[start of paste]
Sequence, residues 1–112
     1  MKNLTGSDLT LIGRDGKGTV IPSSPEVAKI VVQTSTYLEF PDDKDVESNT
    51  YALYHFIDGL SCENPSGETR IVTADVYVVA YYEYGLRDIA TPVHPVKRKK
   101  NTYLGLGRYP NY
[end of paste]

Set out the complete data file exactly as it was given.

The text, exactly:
Sequence, residues 1–112
     1  MKNLTGSDLT LIGRDGKGTV IPSSPEVAKI VVQTSTYLEF PDDKDVESNT
    51  YALYHFIDGL SCENPSGETR IVTADVYVVA YYEYGLRDIA TPVHPVKRKK
   101  NTYLGLGRYP NY